The last few paragraphs of his book discuss what this means for religion today. The prose is a bit dense, but that does not blunt his passion or his provocative challenge to be relevant. I kept thinking of modern Quakerism as I read it and decided to share it. I also kept thinking of Ben Pink Dandelion’s book A Sociological Analysis of the Theology of Quakers. Dandelion’s book is a PhD thesis and even more dense than Gottwald’s, but similarly groundbreaking. It’s also extremely expensive and not well known among American Friends. So I have always thought to try to offer in this blog a succinct digest of his conclusions. He’s made this easier by publishing his own summary as a chapter in The Quaker Condition: The Sociology of a Liberal Religion, which he co-edited with Peter Collins. In fact, all the essays in this book deserve wider reading. It’s clear from reading Dandelion’s work and the essays in The Quaker Condition that the social forces around us are remaking modern liberal Quakerism in profound ways and that we need to understand these forces and our own trajectory if we want to remain ‘relevant.’ I want to explore these ideas in future posts. Meanwhile, here’s that quote from Gottwald:

Early Israelite Yahwism is an intriguing case study in the relation of religion to social change. In the short run, Yahwism seems to have been a socially “progressive” force, serving to reinforce the retribalizing endeavors of lower classes in Canaan. In the long run, however, as we examine the course of Yahwism through biblical times and on into Judaism and Christianity, it appears to have shifted more and more into a socially “reactionary” force, its progressive impetus draining off into sectarian sub-groups or drifting along in uncritical and poorly articulated moods and tendencies in the main social body, but only now and then, as in the prophetic movement, erupting with sustained critical power.

If my line of reasoning about the relation of biblical theology and biblical sociology is correct, the most important contribution of a sociological analysis of early Israel to contemporary religious thought and practice is to close the door firmly and irrevocably on the idealist and supernaturalist illusions still permeating and bedeviling our religious outlook. Yahweh and “his” people Israel must be demystified, deromanticized, dedogmatized and deidolized. Only as we carry through this sociological demythologization of Yahwistic faith, and of its Jewish and Christian derivatives, will those of us who have been formed and nurtured by those curiously ambiguous Jewish and Christian symbols be able to align heart and head, to combine theory and practice. Cogent symbols of historico-social transcendence for the future must illuminate, amid the supersession of social forms through time, the critical intersection between lawful social process and human freedom. It is at that intersection, more or less auspicious from moment to moment, where missed and realized opportunities continually emerge for ever larger numbers of us to struggle toward meeting our genuine human needs and actualizing our repressed human potentialities.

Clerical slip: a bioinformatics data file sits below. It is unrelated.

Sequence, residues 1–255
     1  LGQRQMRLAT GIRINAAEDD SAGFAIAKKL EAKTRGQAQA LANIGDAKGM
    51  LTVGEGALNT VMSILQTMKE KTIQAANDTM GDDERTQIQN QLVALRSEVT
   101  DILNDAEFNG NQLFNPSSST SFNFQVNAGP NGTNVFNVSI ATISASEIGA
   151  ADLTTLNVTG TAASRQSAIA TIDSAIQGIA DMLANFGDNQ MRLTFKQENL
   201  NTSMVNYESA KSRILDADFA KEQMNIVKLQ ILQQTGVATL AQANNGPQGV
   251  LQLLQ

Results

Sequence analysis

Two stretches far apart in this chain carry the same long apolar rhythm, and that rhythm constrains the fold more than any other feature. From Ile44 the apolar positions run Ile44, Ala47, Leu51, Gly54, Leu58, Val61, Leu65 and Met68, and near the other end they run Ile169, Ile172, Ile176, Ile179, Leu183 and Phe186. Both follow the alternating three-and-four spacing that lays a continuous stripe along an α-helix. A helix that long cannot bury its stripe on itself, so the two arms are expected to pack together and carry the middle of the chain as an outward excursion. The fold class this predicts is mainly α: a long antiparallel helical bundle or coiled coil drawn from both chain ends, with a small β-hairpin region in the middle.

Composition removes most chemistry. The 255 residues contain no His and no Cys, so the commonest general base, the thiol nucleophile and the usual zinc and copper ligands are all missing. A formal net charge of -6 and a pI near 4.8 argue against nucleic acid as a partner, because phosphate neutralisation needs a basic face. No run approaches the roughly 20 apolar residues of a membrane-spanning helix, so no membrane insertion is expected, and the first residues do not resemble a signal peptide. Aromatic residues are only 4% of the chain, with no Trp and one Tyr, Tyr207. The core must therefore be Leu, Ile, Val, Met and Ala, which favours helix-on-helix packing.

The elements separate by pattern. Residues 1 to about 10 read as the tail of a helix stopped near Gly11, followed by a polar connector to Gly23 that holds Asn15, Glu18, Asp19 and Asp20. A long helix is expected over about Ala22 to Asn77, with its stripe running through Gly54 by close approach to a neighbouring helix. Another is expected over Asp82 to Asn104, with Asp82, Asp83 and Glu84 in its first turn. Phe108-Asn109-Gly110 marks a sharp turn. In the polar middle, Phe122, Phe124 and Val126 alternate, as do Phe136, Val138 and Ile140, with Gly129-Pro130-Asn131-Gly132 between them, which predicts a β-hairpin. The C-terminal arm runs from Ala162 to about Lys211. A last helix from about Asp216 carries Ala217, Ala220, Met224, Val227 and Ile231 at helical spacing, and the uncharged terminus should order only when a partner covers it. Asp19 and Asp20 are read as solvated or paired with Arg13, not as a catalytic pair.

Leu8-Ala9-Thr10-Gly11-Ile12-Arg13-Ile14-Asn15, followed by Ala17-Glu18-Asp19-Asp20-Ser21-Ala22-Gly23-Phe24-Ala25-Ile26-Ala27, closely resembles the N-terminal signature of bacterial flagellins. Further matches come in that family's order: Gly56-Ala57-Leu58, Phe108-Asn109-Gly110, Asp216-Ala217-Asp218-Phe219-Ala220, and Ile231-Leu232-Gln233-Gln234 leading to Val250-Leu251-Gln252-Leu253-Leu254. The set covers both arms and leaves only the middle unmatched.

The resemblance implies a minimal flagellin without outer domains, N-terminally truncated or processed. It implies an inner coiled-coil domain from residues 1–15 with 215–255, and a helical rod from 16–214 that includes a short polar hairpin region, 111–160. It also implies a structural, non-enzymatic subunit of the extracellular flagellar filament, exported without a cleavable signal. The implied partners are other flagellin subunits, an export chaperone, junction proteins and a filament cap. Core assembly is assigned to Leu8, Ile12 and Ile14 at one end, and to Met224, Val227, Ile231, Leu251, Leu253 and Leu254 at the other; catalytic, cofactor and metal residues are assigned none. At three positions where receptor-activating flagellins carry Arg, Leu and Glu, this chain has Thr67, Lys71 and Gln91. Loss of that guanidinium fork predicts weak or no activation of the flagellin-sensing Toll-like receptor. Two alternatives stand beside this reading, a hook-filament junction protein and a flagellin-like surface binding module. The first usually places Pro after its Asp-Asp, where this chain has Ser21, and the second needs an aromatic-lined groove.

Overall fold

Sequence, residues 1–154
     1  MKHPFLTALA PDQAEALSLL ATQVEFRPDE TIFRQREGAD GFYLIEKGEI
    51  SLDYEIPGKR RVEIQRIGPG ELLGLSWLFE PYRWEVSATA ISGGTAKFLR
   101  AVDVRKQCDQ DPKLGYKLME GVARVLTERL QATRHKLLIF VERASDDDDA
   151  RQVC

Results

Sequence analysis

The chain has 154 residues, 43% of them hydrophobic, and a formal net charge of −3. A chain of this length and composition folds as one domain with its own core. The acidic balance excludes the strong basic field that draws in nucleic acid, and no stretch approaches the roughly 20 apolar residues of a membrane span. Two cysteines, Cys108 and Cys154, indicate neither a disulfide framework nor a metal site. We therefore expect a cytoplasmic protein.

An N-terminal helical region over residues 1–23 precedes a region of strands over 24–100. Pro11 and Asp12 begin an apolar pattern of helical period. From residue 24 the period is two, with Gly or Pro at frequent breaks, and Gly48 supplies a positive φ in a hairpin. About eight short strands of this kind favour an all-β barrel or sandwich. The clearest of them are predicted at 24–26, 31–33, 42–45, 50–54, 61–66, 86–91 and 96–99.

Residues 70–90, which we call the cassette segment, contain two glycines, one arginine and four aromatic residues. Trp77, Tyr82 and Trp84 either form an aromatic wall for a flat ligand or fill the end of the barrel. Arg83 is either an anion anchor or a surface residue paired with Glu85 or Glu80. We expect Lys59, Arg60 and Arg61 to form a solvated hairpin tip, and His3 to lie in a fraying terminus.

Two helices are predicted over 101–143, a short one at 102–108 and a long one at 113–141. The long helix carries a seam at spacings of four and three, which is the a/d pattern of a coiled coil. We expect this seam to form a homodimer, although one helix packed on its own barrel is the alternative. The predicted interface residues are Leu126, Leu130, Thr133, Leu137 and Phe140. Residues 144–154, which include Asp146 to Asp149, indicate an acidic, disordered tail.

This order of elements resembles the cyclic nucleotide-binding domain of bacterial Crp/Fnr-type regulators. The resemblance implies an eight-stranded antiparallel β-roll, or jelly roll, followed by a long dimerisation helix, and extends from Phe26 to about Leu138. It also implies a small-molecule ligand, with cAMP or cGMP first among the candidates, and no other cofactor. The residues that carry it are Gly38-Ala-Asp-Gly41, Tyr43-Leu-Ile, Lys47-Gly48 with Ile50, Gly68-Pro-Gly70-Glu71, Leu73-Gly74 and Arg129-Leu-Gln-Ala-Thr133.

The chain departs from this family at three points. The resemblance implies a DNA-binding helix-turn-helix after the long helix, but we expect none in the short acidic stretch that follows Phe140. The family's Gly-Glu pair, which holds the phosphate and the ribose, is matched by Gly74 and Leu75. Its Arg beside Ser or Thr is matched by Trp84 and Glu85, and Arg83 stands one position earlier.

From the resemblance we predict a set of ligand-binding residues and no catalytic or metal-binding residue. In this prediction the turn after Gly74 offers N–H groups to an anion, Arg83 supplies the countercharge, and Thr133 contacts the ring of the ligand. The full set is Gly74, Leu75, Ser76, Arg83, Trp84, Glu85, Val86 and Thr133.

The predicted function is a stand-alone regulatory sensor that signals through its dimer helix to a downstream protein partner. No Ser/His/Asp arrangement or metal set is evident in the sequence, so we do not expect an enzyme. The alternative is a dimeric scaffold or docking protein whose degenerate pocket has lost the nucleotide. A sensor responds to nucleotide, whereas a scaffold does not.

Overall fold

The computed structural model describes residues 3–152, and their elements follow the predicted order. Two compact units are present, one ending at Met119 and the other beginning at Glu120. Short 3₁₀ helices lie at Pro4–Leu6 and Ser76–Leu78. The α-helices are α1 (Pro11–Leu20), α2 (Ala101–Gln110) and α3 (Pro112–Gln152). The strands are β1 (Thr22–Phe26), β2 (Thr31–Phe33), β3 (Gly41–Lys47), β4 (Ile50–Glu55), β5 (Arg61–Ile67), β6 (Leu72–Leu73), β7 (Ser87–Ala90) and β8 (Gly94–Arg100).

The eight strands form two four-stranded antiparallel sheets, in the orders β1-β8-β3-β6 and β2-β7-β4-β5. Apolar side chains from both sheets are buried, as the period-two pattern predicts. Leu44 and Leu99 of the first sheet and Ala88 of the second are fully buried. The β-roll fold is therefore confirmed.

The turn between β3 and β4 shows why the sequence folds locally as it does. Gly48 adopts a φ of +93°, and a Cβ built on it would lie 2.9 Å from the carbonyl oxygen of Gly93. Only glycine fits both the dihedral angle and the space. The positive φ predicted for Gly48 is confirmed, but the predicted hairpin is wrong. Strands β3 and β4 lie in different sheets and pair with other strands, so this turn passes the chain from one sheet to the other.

Symbol systems claiming to be based on “biblical faith” will be judged by whether they actually clarify the range and contours of exercisable freedom within the context of the unfolding social process. Symbol systems that blur the intersection of social process and human freedom—by talking fuzzy nonsense, by isolating us in our private souls, by positing “unseen” worlds to compensate for the actual world we fear to see, by conditioning us to compete for many small favors instead of cooperating for a few big gains, by cultivating mood and sentiment in place of vision and passion, by instilling resignation in the name of sweetness and sacrifice, by persuading us to accept the humanly unacceptable and to desist from changing what is manifestly changeable, by confirming our fixations to the past and our venturelessness toward the future, by decrying power while feasting on its benefits—all such symbol systems, however venerable and psychically convenient, are bad dreams to be awakened from, cloying relics to be cast away, cruel fetters to be struck off. They are, in a word, the Canaanite idols that Israel smashed when it smashed the Canaanite kings.